2.07 Homeomorphisms

Below the video you will find accompanying notes and some pre-class questions.



(0.15) A continuous map \(F\colon X\to Y\) is a homeomorphism if it is bijective and its inverse \(F^{-1}\) is also continuous. If two topological spaces admit a homeomorphism between them, we say they are homeomorphic: they are essentially the same topological space.

(1.13) Consider the half-open interval \([0,2\pi)\) and the continuous map \(F\colon [0,2\pi)\to S^1\) defined by \(F(\theta)=e^{i\theta}\). This is continuous and bijective. However, it is not a homeomorphism! We will see that the circle has fundamental group \(\mathbf{Z}\) and the interval is simply-connected, so they cannot be homeomorphic.

Criterion for a map to be a homeomorphism

(3.33) Let \(X\) be a compact space and let \(Y\) be a Hausdorff space. Then any continuous bijection \(F\colon X\to Y\) is a homeomorphism.
(5.00) We need to show that \(F^{-1}\) is continuous, i.e. that for all open sets \(U\subset X\) the preimage \((F^{-1})^{-1}(U)\) is open in \(Y\). But \((F^{-1})^{-1}(U)=F(U)\), so we need to show that images of open sets are open. It suffices to show that complement of \(F(U)\) is closed.

(6.23) \(U\subset X\) is open, so \(X\setminus U\) is closed, and since \(X\) is compact, this means \(X\setminus U\) is closed (closed subsets of compact spaces are compact). The image of a compact set is also compact, so \(F(X\setminus U)\) is compact. A compact subset of a Hausdorff space is closed, so \(F(X\setminus U)\) is closed, so \(F(U)=Y\setminus F(X\setminus U)\) is open, as required.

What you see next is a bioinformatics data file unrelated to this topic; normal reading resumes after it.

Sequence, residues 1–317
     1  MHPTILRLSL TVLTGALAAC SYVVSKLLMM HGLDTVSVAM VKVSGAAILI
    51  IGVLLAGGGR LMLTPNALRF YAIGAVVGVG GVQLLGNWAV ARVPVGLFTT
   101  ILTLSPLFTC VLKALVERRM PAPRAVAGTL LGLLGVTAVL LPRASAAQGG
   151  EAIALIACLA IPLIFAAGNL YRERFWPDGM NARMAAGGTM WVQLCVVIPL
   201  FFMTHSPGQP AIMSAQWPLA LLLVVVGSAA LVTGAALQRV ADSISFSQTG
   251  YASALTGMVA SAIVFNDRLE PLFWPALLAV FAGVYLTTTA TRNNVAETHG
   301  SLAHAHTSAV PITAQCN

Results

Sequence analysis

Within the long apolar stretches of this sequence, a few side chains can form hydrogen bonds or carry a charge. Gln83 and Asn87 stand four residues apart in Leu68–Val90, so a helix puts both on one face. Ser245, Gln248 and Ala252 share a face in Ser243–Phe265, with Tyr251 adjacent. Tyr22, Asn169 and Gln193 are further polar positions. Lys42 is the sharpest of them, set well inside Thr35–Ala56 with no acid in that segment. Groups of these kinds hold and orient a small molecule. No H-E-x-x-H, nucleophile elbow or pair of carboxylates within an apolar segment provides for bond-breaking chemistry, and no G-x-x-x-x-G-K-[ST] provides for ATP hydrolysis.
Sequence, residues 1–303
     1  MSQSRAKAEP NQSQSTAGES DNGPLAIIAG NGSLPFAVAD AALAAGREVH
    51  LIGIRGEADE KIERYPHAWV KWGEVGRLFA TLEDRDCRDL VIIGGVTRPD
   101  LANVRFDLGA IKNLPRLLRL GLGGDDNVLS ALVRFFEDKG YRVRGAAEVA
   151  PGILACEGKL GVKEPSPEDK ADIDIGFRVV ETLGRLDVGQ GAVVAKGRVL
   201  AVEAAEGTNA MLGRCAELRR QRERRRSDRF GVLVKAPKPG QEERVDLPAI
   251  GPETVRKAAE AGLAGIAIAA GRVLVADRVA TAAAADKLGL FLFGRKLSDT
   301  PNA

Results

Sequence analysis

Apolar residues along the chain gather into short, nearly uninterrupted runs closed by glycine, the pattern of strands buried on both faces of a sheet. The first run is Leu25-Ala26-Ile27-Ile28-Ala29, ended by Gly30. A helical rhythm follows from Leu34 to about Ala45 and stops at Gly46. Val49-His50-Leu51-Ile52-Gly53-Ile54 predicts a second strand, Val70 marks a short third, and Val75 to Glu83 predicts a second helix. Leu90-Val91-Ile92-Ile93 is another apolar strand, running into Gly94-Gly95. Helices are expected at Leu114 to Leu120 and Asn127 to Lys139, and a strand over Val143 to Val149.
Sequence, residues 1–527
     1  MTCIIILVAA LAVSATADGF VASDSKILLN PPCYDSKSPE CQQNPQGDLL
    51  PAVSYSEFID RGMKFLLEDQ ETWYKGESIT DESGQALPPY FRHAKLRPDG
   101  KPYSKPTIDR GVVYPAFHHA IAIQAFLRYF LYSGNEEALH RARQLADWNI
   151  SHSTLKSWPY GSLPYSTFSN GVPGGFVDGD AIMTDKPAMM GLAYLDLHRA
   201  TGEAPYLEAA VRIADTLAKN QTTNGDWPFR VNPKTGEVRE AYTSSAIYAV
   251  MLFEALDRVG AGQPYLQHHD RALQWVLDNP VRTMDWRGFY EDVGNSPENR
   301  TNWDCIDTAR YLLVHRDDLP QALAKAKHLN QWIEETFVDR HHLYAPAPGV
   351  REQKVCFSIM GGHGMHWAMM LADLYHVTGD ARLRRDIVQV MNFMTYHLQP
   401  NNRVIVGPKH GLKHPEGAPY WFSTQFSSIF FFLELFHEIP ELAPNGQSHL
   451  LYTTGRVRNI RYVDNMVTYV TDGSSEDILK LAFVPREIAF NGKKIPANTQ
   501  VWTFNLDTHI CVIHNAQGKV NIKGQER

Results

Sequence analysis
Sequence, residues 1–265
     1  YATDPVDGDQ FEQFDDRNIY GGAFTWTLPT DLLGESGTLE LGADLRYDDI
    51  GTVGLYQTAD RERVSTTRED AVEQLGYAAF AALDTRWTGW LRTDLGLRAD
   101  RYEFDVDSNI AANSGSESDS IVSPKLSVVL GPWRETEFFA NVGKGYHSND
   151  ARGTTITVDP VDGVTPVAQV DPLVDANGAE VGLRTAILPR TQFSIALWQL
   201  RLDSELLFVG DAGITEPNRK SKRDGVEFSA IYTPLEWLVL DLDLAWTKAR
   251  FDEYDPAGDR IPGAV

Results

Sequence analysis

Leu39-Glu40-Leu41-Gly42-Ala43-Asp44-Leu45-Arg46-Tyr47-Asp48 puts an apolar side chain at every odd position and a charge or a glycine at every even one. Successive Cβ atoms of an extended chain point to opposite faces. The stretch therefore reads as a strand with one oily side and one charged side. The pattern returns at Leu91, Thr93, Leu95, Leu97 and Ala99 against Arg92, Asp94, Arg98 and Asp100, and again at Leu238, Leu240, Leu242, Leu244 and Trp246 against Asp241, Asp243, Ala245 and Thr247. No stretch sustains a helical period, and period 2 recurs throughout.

(8.46) In the session on the subspace topology, we saw that the 2-torus \(T^2\) can be thought of as a subset of \(\mathbf{R}^3\) and also as a subset of \(\mathbf{R}^4\). More precisely, I will show that they are both homeomorphic to \(S^1\times S^1\).

(10.22) We need a map \(F\colon S^1\times S^1\to T'\) which will be \((e^{i\theta},e^{i\phi})\mapsto (\cos\theta,\sin\theta,\cos\phi,\sin\phi)\). It is a continuous map (we saw that \(\cos\) and \(\sin\) are continuous functions on the circle) and it is bijective. The circle is a closed and bounded set in \(\mathbf{R}^2\), so it is compact; the product \(S^1\times S^1\) is compact by Tychonoff's theorem. The image \(T'\) is a subspace of a Hausdorff space, hence Hausdorff. Therefore \(F\) is a homeomorphism.

(11.53) We need to do the same for \(T\), and the same argument will apply provided I can give you a continuous bijection \(G\colon S^1\times S^1\to T\). I claim that the following map will do: \[G(e^{i\theta},e^{i\phi})= \left(\begin{array}{ccc}\cos\phi&-\sin\phi&0\\ \sin\phi&\cos\phi&0\\ 0&0&1\end{array}\right) \left(\begin{array}{c}0\\2+\cos\theta\\\sin\theta\end{array}\right).\] In other words, I am taking the unit circle in the \(yz\)-plane centred at \((0,2,0)\) (angle coordinate \(\theta\)) and rotating it by an angle \(\phi\) around the \(z\)-axis.

Pre-class questions

  1. Let \(X\) be the set \(\{0,1\}\) equipped with the discrete topology and let \(Y\) be the set \(\{0,1\}\) equipped with the indiscrete topology. Write down a continuous bijection \(X\to Y\). Are these spaces homeomorphic? If not, why does the theorem from the video fail to apply in this case?


Comments, corrections and contributions are very welcome; please drop me an email at j.d.evans at lancaster.ac.uk if you have something to share.

CC-BY-SA 4.0 Jonny Evans.